Fiend.

There’s a fiend in my house. No matter the hour, the meal, or the availability – she wants them.

And sow I put in twenty of them. And while this will not suffice to her appetites, it may help with a budding understanding of seasons, consumption, and responsibility.

Until then, and after, the clamshells that transport her fix will be cherished as squirrel and bird deterrents to her papa’s fix, potted up one final time before the giant leap for garden kind.

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7 comments on “Fiend.

  1. Shannon says:

    We are so fortunate to have a pick-your-own (PYO) farm within 15 minutes of us. We pick regularly and often, and the season is just beginning. Yum, yum. I will follow to see how your yields are. I have never had luck with strawberries (which aren’t really berries, ya know) in my own garden; here’s a great pamphlet on growing them that you may find interesting. My best to you and the fam!

    http://agrilifeextension.tamu.edu/wp-content/uploads/2016/02/EHT-047-web.pdf

    PS – on your Sonic tomatoes, how do you get such a long tap root in the cup? Do you water from the bottom up, allowing the roots to ‘chase’ the water? A special fertilizer? Additive? Do share!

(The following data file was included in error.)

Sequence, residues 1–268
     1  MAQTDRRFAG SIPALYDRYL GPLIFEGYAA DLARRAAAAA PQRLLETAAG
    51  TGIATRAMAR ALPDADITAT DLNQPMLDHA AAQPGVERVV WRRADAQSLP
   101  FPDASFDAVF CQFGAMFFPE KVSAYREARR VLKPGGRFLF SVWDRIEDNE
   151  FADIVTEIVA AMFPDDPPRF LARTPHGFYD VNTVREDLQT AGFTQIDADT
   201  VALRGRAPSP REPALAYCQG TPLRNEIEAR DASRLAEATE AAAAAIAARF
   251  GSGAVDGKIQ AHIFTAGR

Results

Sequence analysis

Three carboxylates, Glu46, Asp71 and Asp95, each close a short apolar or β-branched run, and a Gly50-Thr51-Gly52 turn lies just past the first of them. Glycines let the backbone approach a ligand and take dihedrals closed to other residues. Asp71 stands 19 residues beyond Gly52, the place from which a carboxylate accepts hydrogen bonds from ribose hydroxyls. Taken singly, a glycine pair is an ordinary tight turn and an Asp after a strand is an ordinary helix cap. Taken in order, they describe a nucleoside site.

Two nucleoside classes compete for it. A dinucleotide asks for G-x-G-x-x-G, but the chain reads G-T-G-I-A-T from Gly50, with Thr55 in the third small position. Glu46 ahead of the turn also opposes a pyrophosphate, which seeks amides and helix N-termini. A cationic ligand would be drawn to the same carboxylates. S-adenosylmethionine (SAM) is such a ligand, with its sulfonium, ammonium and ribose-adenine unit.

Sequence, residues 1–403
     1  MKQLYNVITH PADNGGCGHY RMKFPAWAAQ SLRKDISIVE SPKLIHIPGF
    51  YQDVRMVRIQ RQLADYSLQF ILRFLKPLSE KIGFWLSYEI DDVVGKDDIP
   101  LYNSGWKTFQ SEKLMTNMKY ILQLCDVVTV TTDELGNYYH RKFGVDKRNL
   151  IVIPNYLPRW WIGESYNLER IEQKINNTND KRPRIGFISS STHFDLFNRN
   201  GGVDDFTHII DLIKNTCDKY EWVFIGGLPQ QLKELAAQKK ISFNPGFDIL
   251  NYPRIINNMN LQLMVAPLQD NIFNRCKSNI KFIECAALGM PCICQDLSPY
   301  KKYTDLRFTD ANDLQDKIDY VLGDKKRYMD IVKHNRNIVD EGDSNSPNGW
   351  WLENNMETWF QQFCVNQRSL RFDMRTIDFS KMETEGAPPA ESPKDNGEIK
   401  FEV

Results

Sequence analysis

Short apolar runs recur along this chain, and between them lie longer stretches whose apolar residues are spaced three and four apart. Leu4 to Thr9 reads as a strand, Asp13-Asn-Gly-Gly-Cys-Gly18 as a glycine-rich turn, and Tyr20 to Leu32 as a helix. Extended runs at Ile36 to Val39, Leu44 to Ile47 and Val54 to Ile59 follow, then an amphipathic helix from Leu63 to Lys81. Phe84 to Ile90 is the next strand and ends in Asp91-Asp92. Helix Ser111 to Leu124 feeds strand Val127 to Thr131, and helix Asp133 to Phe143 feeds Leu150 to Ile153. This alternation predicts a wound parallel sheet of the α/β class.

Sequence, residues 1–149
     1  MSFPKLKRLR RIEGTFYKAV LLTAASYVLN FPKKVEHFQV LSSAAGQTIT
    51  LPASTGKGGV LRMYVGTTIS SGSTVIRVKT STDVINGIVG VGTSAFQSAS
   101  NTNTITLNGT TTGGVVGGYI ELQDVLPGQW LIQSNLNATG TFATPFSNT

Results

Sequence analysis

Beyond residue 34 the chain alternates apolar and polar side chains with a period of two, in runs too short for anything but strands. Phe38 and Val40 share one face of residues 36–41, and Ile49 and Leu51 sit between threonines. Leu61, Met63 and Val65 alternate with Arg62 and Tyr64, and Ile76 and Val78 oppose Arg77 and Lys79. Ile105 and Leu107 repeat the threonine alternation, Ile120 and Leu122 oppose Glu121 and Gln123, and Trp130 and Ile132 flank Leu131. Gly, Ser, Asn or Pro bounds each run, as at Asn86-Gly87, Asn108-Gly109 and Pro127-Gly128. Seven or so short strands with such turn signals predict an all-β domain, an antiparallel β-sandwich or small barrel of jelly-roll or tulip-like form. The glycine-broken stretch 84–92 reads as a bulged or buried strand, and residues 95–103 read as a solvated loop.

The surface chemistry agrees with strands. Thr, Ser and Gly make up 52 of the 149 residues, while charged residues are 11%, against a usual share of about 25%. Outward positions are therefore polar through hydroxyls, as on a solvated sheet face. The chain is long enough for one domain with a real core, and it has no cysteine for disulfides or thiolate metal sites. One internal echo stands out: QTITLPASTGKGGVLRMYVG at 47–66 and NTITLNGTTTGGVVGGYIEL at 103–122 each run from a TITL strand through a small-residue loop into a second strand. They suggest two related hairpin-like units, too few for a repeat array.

• plumdirt says:

      We are out of the super strict nap protection this spring, so we’ll be taking a trip to a farm about an hour away to pick and pick and pick as well!
      I water from the bottom in the seed trays and again in the 4″ pots. Then I put the bottom of that pot in the bottom of the giant cup and bury it up to the leaves. So the tap root doesn’t get longer so much as the stems turn into roots.
      When they go from seed tray (with just seed starter) to 4″ pots they get some potting mix in the bottom of the pots. When they go into the giant cups, they get buried with a mix of compost and manure and the soil from the bed they’ll live in soon. Then I water with diluted fish emulsion to settle them in to their new cups.

      • Shannon says:

        Brilliance!! Have you ever pulled the vines and measured your tap root? That sounds like a recipe for total success. You grow slicers, right? (I gave up on slicers because of the work they require in keeping them producing. I’m so lazy.)

        I had one whopping 15′ long cherry vine with 2.5′ tap root; it’s the one that set up next to the center compost basket of the keyhole a couple years back, a VOLUNTEER. Aka, zero work on my part except to toss sugar-sunshine-cherries into my face several times per day. Cherries, grapes and Romas are all I grow anymore.

      • plumdirt says:

        I grow some slicers. Oxheart are the most successful of my bigger ones. Black Prince do well in the years that Oxheart struggle. Cherries and grapes are popular here and rarely make it inside.
        Cherry Chadwick grew my longest ever, in 2012. The vine was 15 feet and the tour was 4 feet. 2012 was my best tomato and pepper year to date. I have a good feeling about this year. It’s the year my garden here is the age my previous garden was in 2012.

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